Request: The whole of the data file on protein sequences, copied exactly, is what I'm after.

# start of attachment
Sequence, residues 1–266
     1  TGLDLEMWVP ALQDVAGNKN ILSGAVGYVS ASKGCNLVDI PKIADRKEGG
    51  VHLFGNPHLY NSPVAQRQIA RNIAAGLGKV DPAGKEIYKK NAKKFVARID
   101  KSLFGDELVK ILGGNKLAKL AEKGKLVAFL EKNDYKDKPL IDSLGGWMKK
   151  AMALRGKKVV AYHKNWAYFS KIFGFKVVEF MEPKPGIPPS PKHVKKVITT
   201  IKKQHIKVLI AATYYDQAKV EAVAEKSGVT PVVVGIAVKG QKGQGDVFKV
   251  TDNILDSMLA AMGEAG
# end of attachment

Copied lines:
Sequence, residues 1–266
     1  TGLDLEMWVP ALQDVAGNKN ILSGAVGYVS ASKGCNLVDI PKIADRKEGG
    51  VHLFGNPHLY NSPVAQRQIA RNIAAGLGKV DPAGKEIYKK NAKKFVARID
   101  KSLFGDELVK ILGGNKLAKL AEKGKLVAFL EKNDYKDKPL IDSLGGWMKK
   151  AMALRGKKVV AYHKNWAYFS KIFGFKVVEF MEPKPGIPPS PKHVKKVITT
   201  IKKQHIKVLI AATYYDQAKV EAVAEKSGVT PVVVGIAVKG QKGQGDVFKV
   251  TDNILDSMLA AMGEAG